Many moviegoers are pleased to find religion playing an ever-larger role in popular films. The latest examples are an interesting bunch, suggesting that as more pictures explore faith-related issues, their treatments may become more complex, going beyond heartwarming drama to examine conflicts and contradictions in lives touched by religious matters.
The most recent to arrive is The Apostle, written and directed by Robert Duvall, a skilled and insightful filmmaker who's best known for his on-screen work in movies by other directors. Already a hit at the recent New York Film Festival, it will have a limited run next month to qualify for the coming Oscar race, then arrive in theaters everywhere early next year.
Duvall plays a Pentecostal preacher named Sonny Dewey, who presides over a thriving evangelical church in Texas with his wife and a young partner. He's clearly a sincere, devoted, and energetic man. But he's burdened with bad qualities including a dangerously nasty temper, which flares out of control when he's hit with the one-two punch of his wife's infidelity and a successful move to oust him from his ministry.
Fleeing the law after a burst of violence, he lands in Louisiana and starts life afresh. Taking on a new name, The Apostle E.F., he plants new roots and gathers a new congregation. Establishing his friendly, racially mixed One Way Road to Heaven Church in a broken-down building on the outskirts of town, he becomes an eccentric but respected figure in the area. Still uncertain is whether his past will catch up with him.
"The Apostle" paints a superbly vivid portrait of Sonny and his companions, thanks partly to Duvall's astonishing performance and his sensitive screenplay. The film is at once a persuasive sociological drama, based on Duvall's sharp-eyed research in churches, and a sympathetic view of a man whose earnest faith has not yet lifted the weight of human weakness from his shoulders.
Critical Care is being promoted as a biting satire on current issues in the health-care industry. This is accurate, but it overlooks a religious dimension that provides some of the movie's most memorable moments.
James Spader plays a young physician being trained at a major hospital. He wants to cure the sicknesses and assuage the sufferings of his sadly afflicted patients.
But the hospital administrators think mainly about two other aspects of their profession: technology and profit. The medical experts are obsessed with high-tech gizmos that allow them to treat illnesses without going near the people diagnosed as having them. The financial experts are infatuated with the checks that roll in from insurance companies - spurring more and more procedures in even the most hopeless cases.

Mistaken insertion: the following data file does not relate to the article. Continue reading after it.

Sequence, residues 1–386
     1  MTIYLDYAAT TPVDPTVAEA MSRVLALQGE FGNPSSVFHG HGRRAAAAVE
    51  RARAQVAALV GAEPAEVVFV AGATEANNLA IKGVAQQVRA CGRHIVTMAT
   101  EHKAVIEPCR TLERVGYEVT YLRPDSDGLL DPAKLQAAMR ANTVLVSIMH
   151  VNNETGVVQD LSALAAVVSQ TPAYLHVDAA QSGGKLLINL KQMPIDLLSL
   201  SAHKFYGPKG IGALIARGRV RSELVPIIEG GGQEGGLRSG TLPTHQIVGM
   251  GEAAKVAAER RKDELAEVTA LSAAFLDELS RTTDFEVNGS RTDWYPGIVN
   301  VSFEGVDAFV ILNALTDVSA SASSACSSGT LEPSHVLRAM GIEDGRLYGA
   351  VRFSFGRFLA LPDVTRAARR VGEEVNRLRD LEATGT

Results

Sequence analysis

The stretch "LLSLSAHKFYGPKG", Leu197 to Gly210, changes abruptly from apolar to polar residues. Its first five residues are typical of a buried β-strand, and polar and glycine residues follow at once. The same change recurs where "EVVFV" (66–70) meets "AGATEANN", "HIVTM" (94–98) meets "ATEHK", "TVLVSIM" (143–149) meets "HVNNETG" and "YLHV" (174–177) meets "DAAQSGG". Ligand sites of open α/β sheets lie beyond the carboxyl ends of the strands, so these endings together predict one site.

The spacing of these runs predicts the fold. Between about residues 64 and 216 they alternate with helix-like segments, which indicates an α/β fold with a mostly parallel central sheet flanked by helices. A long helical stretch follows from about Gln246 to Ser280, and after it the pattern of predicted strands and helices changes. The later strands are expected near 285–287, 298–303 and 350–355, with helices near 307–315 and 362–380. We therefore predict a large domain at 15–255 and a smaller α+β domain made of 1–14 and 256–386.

Issues like these are the main concern of "Critical Care," which may jar some viewers with its graphic scenes of illness. Directed by the prolific Sidney Lumet from Steven Schwartz's intelligent screenplay, the film scores many sardonic points against money-driven health care and mechanical approaches to human well-being.
Yet the picture's most touching moments occur in fantasy scenes involving emissaries from the afterlife, who engage earthly characters in dialogues about the true meanings of health, fulfillment, and life itself. Couched in terms of popular entertainment, these scenes don't go deep enough to qualify as genuine religious discernment. But they add a thought-provoking dimension to a film that already has impressive credentials as one of the year's most timely social satires.
A third movie, Eye of God, focuses on a woman (Martha Plimpton) who marries an ex-convict, unaware that his new commitment to fundamentalist Christianity hasn't curbed a violent streak in his personality.
Written and directed by newcomer Tim Blake Nelson, the drama makes only superficial use of a biblical subtext drawn from the story of Abraham and Isaac. "Eye of God" recognizes the importance of religion in many American lives, however, and reminds us of the cautionary fact that Scripture can be quoted as easily by guilty characters as by innocent ones.